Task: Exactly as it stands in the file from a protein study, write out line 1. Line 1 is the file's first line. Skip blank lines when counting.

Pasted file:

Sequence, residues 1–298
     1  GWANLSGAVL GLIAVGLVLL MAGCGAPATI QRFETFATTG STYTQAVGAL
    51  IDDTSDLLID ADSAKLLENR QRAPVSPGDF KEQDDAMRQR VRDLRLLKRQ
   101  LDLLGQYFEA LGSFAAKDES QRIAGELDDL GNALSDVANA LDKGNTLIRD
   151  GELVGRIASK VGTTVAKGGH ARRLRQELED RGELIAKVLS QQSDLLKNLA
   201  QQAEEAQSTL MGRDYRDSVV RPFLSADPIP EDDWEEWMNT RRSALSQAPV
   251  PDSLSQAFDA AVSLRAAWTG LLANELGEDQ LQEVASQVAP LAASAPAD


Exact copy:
Sequence, residues 1–298